Think about compliance - whether in your organization or beyond, and the litanyof regulations from PCI to GLB to CA SB1386 and more come to mind. Are these initiatives helping your organizationstay out of the headlines? You could be a retailer or a healthcare provider butwhat if your organization was four ormore regulated organizations in one? Would you be more “secure?”
If you're not a member of a compliance team inhigher education, you probably don't think of universities and colleges. Withstudents and faculty now back to school, IT managers at universities arefaced with complying with multiple regulations that affect industries beyondjust education.
A bank? A health care organization? A retailer? These are all roles thatinstitutions serve, in addition to the primary function of providing education.
- The bank : As many of us know, universities and colleges are involvedin the business of lending and collecting money. While not the bankitself, universities facilitate loans and disperse funds. Among compliancerequirements, this means universities fall under the Gramm-Leach-Bliley Act (GLBA) and must protect the privacy ofcustomers (students
- The health care provider : Almost all higher educationinstitutions with students living on campus have a health center and are facedwith protecting patient data under HIPAA.
- The retailer : Not only can you buy your books with a creditcard, but you can also pay your tuition. This all means that as every othermerchant that accepts credit cards, universities and colleges must meet therequirement of the Payment Card Industry (PCI) Data Security Standard (DSS).
- The educationalinstitution :Last but certainly not least, institutions provide educational services. And inthe end, this means students receive grades. The Family Educational Rights and Privacy Act (FERPA) controls who can access student grades. If grades are beingdistributed or stored electronically, they must be secured.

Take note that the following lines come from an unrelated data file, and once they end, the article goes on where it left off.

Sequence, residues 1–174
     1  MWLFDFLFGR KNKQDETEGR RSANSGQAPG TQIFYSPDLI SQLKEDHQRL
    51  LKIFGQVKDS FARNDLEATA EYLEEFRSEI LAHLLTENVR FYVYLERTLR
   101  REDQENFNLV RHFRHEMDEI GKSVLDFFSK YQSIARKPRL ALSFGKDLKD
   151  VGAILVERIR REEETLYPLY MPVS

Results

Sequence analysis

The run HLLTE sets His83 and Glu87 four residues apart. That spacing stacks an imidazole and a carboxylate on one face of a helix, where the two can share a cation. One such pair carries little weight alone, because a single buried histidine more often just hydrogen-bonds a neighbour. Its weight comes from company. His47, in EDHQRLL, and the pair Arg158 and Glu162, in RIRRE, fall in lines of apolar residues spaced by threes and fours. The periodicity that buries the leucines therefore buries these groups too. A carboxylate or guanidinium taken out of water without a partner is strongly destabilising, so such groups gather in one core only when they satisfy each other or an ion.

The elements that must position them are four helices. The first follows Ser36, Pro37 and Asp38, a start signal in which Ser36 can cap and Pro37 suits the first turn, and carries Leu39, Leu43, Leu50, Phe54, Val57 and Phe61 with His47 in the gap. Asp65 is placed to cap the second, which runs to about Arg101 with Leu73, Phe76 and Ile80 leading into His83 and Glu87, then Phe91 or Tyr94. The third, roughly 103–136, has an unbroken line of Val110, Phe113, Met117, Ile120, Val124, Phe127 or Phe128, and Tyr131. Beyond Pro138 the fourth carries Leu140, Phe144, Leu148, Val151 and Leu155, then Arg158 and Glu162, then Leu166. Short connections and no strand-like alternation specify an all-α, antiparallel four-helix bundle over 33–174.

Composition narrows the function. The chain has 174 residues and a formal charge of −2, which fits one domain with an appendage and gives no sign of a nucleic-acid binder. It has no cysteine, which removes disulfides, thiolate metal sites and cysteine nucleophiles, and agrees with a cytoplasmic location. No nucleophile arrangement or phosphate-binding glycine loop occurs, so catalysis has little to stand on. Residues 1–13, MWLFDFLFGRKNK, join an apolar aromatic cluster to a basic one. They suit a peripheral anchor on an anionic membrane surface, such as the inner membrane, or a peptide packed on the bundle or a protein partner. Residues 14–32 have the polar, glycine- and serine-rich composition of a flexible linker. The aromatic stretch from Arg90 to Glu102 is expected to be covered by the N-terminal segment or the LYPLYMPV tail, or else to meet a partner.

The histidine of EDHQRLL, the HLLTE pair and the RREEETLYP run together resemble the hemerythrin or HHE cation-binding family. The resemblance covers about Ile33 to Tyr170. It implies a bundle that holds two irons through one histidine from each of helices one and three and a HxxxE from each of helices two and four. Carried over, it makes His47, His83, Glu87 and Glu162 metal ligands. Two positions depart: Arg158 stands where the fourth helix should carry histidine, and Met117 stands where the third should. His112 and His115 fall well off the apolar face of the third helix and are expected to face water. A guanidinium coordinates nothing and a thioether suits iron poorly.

Beyond these federal compliance requirements, universitiesand colleges must comply with state data breach notification such as CaliforniaSB 1386. In over 30 states, if a lost laptop, flash drive or tape haspersonally identifiable information stored unencrypted, the impactedindividuals will need to be notified. And this means unhappy parents, alums,and boards of directors.
While an interesting case study in compliance, these examples help illustratean important point. While most institutions are compliant with GLB, PCI,HIPAA, FERPA and other regulations, the number of institutionsinvolved in data breaches does not seem to be on the decline. It's this pointthat makes higher education a lesson for all organizations.
Compliance sets a bar that's important for auditors and government, but when itcomes to really protecting our businesses, agencies, and institutions, a higherbar for defending data must be set. Many organizations, including universitiesand colleges, are starting to protect data wherever it goes, utilizing astrategy called enterprise data protection.
This unique strategy offers a new evolutionary layer of technologiesthat manages data, controls data access, detects data at risk, and protectsdata. With it, security is built in, starting with data creation and followingdata as it is modified, transferred, stored, and archived. At the core of thisapproach is the protection of data using encryption, everywhere it goes.Encryption serves to provide the encompassing protection layer that obscuresdata from unauthorized access. If encrypted data is somehow lost or stolen, itremains useless.
By defining a strategy for Enterprise Data Protection,protecting, identifying, controlling access, and managing data, theseorganizations are ready to meet the bumps along the way related to complianceand keep their organizations out of the headlines.
- Kevin Bocek is a Sr. Manager of Product Marketing forPGP Corporation.